Ireland, in Burke's day, supported a population greater than it does now; despite the frequent extreme poverty which Burke lamented and endeavored to ameliorate (even in his college days, when he proposed a special tax upon the incomes of absentee landlords), this was not the Ireland of the Potato Famines. Until the middle of Burke's career, revolution was not in the Irish air. Dublin was a true capital, the home of Dean Swift and other famous men whose influence extended far beyond their native land; Trinity College, Dublin's university founded by Queen Elizabeth, maintained stricter standards than did Oxford or Cambridge. Burke and Goldsmith were only two of many men of talent who grew up in Dublin in the first half of the eighteenth century. It was a period of sanguine hopes, rather than of Celtic twilight.
Yet Burke learnt early to love the older rural Ireland. Bookish and sickly as a child, for five years he was sent for his health to live with his mother's kinsmen the Nagles, Roman Catholics, who possessed an estate at Ballyduff, near Castletown Roche, in County Cork, where the romance of old Ireland entered into his soul. Spenser had written the first part of his Faerie Queene close by, at Kilcolman Castle, ruined by Burke's time. The whole region was called "the Nagle country." Young Edmund went to school in a crumbling fortalice of the old Nagles, Monanimy Castle, where his teacher, O'Halloran, was one of the ancient breed of "philomaths," hedge school-masters, familiar to modern readers through William Butler Yeats' creation Red Hanrahan, "his little inkpot hanging from his neck by a chain, and his big Virgil and his primer in the skirt of his coat." That devotion to classical and medieval literature which Burke felt all his life commenced here among the ruins. Medieval romances began to haunt the boy like a passion.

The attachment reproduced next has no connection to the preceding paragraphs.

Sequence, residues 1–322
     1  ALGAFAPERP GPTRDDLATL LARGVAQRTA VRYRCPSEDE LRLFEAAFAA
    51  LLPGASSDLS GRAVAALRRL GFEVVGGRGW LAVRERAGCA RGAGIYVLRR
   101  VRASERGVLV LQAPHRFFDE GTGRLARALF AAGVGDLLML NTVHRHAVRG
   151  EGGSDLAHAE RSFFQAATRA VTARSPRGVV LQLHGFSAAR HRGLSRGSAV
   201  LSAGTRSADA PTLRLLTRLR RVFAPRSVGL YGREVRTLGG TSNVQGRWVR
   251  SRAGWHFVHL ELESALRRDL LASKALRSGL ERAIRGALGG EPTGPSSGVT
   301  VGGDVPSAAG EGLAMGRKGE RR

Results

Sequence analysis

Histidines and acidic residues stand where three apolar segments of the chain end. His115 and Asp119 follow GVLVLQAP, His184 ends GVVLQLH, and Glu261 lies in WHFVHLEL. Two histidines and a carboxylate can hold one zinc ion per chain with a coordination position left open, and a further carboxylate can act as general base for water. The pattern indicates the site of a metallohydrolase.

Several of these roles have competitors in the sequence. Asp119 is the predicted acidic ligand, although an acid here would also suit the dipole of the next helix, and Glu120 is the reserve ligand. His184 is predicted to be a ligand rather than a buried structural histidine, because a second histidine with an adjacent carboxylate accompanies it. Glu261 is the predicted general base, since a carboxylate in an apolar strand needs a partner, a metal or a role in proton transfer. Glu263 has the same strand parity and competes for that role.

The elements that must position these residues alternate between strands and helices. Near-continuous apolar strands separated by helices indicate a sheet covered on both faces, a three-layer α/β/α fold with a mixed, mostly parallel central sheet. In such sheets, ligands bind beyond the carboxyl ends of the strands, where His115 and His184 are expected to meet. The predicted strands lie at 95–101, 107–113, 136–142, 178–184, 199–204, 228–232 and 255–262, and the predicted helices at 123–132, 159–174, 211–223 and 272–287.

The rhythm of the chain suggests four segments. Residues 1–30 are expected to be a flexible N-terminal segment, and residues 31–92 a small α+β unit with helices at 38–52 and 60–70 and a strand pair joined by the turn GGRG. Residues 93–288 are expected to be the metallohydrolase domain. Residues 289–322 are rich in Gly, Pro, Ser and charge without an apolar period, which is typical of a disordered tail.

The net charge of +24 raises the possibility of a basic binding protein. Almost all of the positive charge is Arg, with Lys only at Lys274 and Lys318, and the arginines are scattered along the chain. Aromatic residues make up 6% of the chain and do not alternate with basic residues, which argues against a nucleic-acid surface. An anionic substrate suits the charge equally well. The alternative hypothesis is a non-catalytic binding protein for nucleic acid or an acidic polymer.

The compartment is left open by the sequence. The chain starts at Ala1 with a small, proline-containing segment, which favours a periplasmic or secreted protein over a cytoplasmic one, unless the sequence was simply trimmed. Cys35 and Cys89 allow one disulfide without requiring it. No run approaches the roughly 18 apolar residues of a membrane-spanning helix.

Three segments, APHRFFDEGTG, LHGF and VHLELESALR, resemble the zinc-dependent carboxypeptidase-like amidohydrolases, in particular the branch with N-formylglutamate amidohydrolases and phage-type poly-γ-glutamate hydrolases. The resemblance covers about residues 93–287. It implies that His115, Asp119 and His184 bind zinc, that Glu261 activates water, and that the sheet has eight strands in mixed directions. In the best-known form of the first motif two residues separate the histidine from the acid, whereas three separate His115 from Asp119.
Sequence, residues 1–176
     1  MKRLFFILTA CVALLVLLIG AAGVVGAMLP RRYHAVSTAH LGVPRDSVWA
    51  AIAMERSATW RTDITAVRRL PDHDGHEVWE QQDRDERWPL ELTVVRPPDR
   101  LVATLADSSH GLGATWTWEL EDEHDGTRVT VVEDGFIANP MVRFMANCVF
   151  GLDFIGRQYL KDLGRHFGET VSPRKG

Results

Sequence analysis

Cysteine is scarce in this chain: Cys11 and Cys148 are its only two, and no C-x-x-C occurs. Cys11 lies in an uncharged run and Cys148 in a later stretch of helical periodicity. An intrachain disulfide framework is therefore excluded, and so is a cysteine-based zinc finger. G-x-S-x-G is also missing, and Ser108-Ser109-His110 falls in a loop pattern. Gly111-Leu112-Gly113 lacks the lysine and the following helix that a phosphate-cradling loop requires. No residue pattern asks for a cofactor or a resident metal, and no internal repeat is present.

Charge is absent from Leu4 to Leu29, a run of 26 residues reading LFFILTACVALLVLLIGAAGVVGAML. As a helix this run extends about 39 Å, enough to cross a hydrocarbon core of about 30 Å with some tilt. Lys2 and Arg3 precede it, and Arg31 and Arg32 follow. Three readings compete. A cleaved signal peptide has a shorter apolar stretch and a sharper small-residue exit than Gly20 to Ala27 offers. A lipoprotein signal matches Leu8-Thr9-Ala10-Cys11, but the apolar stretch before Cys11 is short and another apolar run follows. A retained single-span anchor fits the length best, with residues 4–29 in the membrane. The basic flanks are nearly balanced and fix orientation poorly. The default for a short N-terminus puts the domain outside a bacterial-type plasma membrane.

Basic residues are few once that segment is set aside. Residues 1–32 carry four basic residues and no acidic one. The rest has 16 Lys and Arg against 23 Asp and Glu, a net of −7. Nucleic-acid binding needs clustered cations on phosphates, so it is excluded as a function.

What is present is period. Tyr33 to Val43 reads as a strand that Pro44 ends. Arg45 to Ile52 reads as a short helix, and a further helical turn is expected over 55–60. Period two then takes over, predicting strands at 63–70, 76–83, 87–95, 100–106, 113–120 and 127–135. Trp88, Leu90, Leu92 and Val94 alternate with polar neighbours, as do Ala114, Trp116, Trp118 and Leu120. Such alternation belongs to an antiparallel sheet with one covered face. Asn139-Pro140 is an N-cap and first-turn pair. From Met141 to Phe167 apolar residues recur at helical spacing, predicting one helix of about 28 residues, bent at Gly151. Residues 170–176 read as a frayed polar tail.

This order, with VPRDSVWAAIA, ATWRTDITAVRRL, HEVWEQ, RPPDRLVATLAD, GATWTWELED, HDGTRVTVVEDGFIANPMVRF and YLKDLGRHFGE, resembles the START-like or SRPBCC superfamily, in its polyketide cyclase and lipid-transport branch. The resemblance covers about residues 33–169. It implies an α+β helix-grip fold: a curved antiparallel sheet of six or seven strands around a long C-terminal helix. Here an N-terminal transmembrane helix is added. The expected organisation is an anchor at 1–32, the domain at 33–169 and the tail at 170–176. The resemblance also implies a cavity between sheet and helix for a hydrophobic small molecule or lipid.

Immersed in high and practical concerns of state though he became while still young, it is no wonder that Burke, having grown up in such a land, was loyal lifelong to the immemorial ways, to the life of custom, habit, and faith, the traditions of Goldsmith's "Deserted Village"; seeing Castletown Roche, on the Blackwater, even today, one apprehends at a glance Burke's late denunciation of the "sophisters, calculators, and economists" who, he cried, had extinguished the glory of Europe. (Continues...)
Excerpted from Edmund Burke by Russell Kirk. Copyright © 2009 Intercollegiate Studies Institute. Excerpted by permission of ISI Books.